Longtime deputy chief Peter Yuen is leaving the Toronto Police Service

Longtime deputy chief Peter Yuen is leaving the Toronto Police Service, a departure that comes as Canada’s largest municipal service continues its prolonged search for its next top cop.

The Toronto police board announced Yuen’s retirement in a news release on Monday, saying the 35-year police veteran is stepping down from his role as second in command at the end of the month.

Yuen, who heads the Toronto police community safety command, which oversees all front-line policing across the city, was considered by some police insiders as a contender for the next Toronto police chief.

The search for the city’s next top cop has been on since former chief Mark Saunders announced his early departure from the force in June 2020. Then-deputy chief James Ramer was named by the police board as interim chief, and the arrangement was extended by the Toronto police board last summer, keeping Ramer in the chief’s chair until the end of 2022.

Yuen declined to comment on his departure on Monday.

Chiefs are often plucked from the deputy chief rank when police boards are looking to hire an internal candidate. Yuen’s departure now means all of the deputy chiefs who worked under Saunders — and might have replaced him — have left the police service or taken a secondment, with the exception of Ramer, who took the interim position but said he wouldn’t apply to be permanent chief.

Last year, former Toronto police deputy chief Shawna Coxon took a job as a commissioner in Ireland’s national police force, while deputy chief Barbara McLean accepted a secondment to the Mass Casualty Commission, the inquiry into the April 2020 mass shooting in Nova Scotia.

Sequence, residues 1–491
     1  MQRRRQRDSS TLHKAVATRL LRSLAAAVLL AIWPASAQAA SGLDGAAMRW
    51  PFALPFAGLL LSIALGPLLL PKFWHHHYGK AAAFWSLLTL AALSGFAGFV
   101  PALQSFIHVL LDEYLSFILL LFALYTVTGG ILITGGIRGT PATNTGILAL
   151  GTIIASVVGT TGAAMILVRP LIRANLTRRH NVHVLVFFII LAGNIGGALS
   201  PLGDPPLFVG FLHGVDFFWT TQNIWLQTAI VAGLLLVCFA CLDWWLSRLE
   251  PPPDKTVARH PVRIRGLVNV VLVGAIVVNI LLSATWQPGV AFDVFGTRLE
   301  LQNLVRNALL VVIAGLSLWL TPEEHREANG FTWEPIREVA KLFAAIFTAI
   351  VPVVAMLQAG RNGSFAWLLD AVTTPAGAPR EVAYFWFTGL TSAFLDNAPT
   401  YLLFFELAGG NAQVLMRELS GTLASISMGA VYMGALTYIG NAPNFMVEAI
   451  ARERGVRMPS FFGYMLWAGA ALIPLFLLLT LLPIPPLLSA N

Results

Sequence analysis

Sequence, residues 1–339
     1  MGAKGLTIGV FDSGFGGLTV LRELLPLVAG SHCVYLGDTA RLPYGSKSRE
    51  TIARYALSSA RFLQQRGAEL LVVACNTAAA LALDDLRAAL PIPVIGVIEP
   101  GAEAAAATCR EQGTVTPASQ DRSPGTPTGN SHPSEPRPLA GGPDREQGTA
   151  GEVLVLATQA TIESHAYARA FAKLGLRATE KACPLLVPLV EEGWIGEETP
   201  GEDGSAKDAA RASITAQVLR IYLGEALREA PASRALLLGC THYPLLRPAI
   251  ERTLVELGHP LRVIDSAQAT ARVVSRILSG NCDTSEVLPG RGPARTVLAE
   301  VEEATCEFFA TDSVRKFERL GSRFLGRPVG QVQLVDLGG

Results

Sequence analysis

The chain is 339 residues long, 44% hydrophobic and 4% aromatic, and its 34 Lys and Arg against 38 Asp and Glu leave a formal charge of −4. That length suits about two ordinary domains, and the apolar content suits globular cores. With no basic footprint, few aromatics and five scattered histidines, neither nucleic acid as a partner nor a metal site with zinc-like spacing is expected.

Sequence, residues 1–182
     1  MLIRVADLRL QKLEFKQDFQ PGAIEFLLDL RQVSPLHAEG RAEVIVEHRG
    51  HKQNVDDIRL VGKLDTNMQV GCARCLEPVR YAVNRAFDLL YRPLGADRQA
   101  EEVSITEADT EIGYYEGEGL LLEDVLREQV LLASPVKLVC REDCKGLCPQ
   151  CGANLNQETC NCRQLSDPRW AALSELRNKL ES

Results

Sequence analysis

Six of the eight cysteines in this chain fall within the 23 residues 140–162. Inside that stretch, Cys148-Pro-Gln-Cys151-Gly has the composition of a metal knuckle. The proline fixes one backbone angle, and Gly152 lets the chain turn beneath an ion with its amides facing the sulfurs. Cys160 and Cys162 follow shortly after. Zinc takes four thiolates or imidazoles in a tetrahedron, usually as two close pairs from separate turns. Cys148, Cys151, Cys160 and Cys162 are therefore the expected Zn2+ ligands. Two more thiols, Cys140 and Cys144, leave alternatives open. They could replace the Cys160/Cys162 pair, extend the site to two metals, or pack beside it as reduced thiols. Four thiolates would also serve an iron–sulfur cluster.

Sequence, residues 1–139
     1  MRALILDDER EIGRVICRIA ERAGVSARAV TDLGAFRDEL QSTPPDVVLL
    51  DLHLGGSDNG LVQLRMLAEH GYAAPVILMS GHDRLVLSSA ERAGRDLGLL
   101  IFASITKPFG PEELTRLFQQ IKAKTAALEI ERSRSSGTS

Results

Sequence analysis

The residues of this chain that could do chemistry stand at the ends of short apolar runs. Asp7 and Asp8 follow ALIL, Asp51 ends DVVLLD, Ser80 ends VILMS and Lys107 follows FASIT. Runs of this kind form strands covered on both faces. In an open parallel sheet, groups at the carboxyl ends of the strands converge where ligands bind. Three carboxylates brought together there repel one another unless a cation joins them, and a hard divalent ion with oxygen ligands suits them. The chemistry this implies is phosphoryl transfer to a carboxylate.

In its statement, the Toronto police board said Yuen would be replaced by Staff Supt. Kim Yeandle, who will be acting deputy chief. Until the board appoints the next deputy, “a number of senior officers will be given the opportunity to act in this role,” the board statement said.

Since the departures of other deputy chiefs, acting deputy chief Myron Demkiw has been overseeing the force’s special operations command, which includes the force’s investigative squads including homicide.

Asked for an update on the chief hiring process earlier this month, a spokesperson said the Toronto police board is in the executive search phase and that a job call will likely be released “in the coming months.”

In its statement Monday, the Toronto police board thanked Yuen for his service and “vast combined expertise in community policing, criminal investigations and strategic management,” noting he was “extremely proud of his Chinese heritage.”

“Deputy Yuen has worked steadily through the years with Toronto’s communities to create and strengthen partnerships to achieve our shared goals and has served as an invaluable mentor to many members of our service,” Toronto police board chair Jim Hart said.

In an internal message, Ramer congratulated Yuen on his retirement, noting his recent work included leading the force’s work on race-based data collection, which he called “critical and groundbreaking work.”

“Deputy Yuen is recognized for his leadership in improving trust and building relationships between the Toronto Police Service and the diverse communities we serve across the city,” Ramer said.


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